(This article reviews pulmonary arteriovenous malformations closure using the Amplatzer vascular plug device.)

Coronary artery fistulae

This is the key study for transcatheter coronary artery fistulae closure:

Armsby, LR, Keane, JF, Sherwood, MC. "Management of coronary artery fistulae. Patient selection and results of transcatheter closure". J Am Coll Cardiol. vol. 39. 2002. pp. 1026.

(This article reviews which patient should undergo coronary artery fistulae closure and the results.)

Additional studies for transcatheter coronary artery fistulae closure:

Liberthson, RR, Sagar, K, Berkoben, JP. "Congenital coronary arteriovenous fistula". Report of 13 patients, review of the literature and delineation of management. Circulation. vol. 59. 1979. pp. 849.

(This article reviews how to manage patients with a coronary artery fistulae.)

Mavroudis, C, Backer, CL, Rocchini, AP, Muster, AJ, Gevitz, M. "Coronary artery fistulas in infants and children: a surgical review and discussion of coil embolization". Ann Thorac Surg. vol. 63. 1997. pp. 1235-42.

(This article reviews which patient should undergo coronary artery fistulae closure and the results.)

Reidy, JF, Anjos, RT, Qureshi, SA. "Transcatheter embolization in the treatment of coronary artery fistulas". J Am Coll Cardiol. vol. 18. 1991. pp. 187.

Hakim, F, Madani, A, Goussous, Y. "Transcatheter closure of a large coronary arteriovenous fistula using the new Amplatzer duct occluder". Cathet Cardiovasc Diagn. vol. 45. 1998. pp. 155.

(This article reviews transcatheter coronary artery fistulae closure using the Amplatzer duct occluder device.)

Qureshi, SA, Zubrzycka, M, Brzezinska-Rajszys, G. "Use of covered Cheatham-Platinum stents in aortic coarctation and recoarctation". Cardiol Young. 2004. pp. 50-4.

(This article reviews the use of covered stents for coarctation of the aorta.)

Tzifa, A, Ewert, P, Brzezinska-Rajszys, G. "Covered Cheatham-Platinum stents for aortic coarctation: early and intermediate-term results". J Am Coll Cardiol. vol. 47. 2006. pp. 1457-63.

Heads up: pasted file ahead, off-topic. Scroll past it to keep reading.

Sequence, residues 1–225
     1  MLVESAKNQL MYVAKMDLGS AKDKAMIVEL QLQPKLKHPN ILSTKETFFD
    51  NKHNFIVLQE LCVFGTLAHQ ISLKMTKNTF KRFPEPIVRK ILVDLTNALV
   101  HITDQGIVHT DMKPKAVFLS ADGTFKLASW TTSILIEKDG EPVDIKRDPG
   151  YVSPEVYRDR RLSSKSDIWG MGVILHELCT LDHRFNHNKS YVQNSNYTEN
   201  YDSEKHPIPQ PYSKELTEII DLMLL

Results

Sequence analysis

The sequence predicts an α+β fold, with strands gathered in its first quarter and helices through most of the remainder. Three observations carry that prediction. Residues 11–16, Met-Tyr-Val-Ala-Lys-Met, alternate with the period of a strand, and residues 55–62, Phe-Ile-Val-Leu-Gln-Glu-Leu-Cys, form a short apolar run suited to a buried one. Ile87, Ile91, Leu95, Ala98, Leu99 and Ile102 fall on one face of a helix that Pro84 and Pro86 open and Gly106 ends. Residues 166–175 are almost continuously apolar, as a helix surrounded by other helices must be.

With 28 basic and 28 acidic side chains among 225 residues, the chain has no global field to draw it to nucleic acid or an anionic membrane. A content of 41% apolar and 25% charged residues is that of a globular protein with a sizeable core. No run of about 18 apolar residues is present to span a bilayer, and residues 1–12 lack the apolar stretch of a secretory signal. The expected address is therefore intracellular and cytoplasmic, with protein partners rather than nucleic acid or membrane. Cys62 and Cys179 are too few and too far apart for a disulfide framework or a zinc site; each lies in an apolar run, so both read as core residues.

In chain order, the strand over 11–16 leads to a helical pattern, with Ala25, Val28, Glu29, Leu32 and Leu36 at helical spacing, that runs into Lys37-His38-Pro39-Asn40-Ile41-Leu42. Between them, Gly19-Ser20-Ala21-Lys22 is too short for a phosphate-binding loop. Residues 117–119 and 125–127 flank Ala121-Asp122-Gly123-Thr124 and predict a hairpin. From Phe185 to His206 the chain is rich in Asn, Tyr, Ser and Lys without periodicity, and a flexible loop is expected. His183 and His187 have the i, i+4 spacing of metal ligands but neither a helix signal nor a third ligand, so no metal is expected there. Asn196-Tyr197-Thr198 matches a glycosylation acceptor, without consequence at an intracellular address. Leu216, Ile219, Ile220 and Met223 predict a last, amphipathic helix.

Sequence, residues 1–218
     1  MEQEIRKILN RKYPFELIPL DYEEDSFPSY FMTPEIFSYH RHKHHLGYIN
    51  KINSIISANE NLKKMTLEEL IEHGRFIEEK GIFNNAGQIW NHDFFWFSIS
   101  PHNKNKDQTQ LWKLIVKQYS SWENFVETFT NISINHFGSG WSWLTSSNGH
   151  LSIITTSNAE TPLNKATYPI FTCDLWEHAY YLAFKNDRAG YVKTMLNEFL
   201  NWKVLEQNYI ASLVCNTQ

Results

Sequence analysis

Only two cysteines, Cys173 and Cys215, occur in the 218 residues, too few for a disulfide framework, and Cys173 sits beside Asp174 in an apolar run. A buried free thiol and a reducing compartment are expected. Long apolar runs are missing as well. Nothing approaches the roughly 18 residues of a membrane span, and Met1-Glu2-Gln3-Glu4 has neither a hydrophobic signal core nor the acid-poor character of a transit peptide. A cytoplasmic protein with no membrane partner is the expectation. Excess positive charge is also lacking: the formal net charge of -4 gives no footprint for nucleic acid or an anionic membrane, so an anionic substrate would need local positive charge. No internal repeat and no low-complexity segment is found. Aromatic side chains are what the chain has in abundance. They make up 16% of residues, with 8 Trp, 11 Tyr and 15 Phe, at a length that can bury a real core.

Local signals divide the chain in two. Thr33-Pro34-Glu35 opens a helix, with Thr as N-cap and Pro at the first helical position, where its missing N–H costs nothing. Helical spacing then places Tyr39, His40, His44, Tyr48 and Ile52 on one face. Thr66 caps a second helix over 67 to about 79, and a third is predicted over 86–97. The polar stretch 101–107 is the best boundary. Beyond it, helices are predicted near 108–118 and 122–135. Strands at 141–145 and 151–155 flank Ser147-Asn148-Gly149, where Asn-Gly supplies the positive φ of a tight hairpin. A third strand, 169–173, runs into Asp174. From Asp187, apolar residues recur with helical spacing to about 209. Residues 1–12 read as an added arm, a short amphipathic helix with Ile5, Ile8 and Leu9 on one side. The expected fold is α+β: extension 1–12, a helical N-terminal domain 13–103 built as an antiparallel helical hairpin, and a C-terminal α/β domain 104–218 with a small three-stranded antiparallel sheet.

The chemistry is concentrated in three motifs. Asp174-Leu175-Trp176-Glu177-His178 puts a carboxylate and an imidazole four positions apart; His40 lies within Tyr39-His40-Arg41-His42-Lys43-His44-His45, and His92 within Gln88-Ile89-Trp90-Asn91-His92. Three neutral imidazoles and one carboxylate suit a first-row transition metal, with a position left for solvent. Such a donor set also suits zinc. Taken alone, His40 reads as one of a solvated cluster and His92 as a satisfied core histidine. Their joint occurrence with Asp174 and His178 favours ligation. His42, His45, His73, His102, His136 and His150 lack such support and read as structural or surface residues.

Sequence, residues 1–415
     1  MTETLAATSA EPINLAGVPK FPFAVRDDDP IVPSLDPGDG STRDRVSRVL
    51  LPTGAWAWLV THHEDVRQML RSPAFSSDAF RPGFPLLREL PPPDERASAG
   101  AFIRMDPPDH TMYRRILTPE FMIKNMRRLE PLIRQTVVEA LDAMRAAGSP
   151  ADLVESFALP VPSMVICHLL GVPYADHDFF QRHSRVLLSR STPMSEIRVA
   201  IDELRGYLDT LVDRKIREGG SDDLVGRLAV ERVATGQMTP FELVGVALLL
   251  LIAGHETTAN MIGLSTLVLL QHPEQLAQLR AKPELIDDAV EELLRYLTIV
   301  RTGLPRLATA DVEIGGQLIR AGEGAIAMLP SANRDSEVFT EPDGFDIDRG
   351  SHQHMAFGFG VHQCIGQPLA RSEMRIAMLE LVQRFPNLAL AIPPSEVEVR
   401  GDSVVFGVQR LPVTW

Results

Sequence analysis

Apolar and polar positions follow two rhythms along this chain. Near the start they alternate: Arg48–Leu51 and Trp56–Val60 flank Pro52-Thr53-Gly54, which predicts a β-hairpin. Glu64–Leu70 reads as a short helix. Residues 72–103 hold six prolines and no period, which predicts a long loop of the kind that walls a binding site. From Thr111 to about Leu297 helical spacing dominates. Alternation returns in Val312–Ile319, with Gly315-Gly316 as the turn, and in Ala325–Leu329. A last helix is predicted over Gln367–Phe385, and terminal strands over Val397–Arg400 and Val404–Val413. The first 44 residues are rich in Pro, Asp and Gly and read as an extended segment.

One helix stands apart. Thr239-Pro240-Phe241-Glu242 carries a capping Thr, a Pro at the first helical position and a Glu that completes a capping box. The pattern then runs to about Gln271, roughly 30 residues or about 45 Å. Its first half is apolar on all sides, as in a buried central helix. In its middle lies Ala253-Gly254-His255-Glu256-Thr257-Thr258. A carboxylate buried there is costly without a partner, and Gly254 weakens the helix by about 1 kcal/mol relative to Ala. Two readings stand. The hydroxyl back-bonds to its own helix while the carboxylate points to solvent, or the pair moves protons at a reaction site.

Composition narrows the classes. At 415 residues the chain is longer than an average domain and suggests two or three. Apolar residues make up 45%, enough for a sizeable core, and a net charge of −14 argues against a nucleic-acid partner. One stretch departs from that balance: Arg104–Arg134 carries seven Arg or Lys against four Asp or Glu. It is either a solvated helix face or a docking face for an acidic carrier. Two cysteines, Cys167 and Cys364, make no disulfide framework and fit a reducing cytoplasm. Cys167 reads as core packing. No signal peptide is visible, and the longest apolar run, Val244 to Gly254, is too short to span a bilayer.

(This article reviews the use of covered stents for coarctation of the aorta.)

MacDonald, S, Thomas, SM, Cleveland, TJ, Gaines, PA. "Angioplasty or stenting in adult coarctation ofthe aorta? A retrospective single center analysis over a decade". Cardiovasc Intervent Radiol. vol. 26. 2003. pp. 357-64.

Fawzy, ME, Awad, M, Hassan, W. "Long-term outcome (up to 15 yrs) of balloon angioplasty ofdiscrete native coarctation of the aorta in adolescents and adults". J AmColl Cardiol. vol. 43. 2004. pp. 1062-7.

(This article presents long-term outcome for stent angioplasty of coarctation of the aorta.)

Pass, RH, Hijazi, ZM, Hsu, DT, Lewis, V, Hellenbrand, WE. "Multicenter USA Amplatzer Patent Ductus Arteriosus Occlusion Device Trial. Initial and One Year Results". J Am Coll Cardiol. vol. 44. 2004. pp. 513-519.

(This article summarizes the multicenter results for the Amplatzer patent ductus arteriosus occluder device.)

Additional studies for transcatheter interventions for patent ductus arteriosus:

Coggin, CJ, Parker, KR, Keith, JD. "Natural history of isolated patent ductus arteriosus and theeffect of surgical correction: twenty years' experience at The Hospitalfor Sick Children, Toronto". Can Med Assoc J.. vol. 102. 1970 Apr 11. pp. 718-20.

(This article reviews the natural history for patients after surgical patent ductus arteriosus ligation.)

Masura, J, Walsh, KP, Thanopoulos, B, Chan, C, Bass, J, Goussous, Y, Gavora, P, Hijazi, ZM. "Catheter closure of moderate-to large-sized patent ductusarteriosus using the new Amplatzer duct occluder: Immediate andshort-term results". J Am Coll Cardiol. vol. 31. 1998. pp. 878-82.

(This article reviews the results or Amplatzer PDA occlusion for larger patent ductus arteriosus.)

Faella, HJ, Hijazi, ZM. "Closure of the patent ductus arteriosus with the Amplatzer PDA Device:Immediate results of the International clinical trial". Cathet CardiovascIntervent. vol. 51. 2000. pp. 50-54.

(This article reviews the results or Amplatzer PDA occlusion for patent ductus arteriosus.)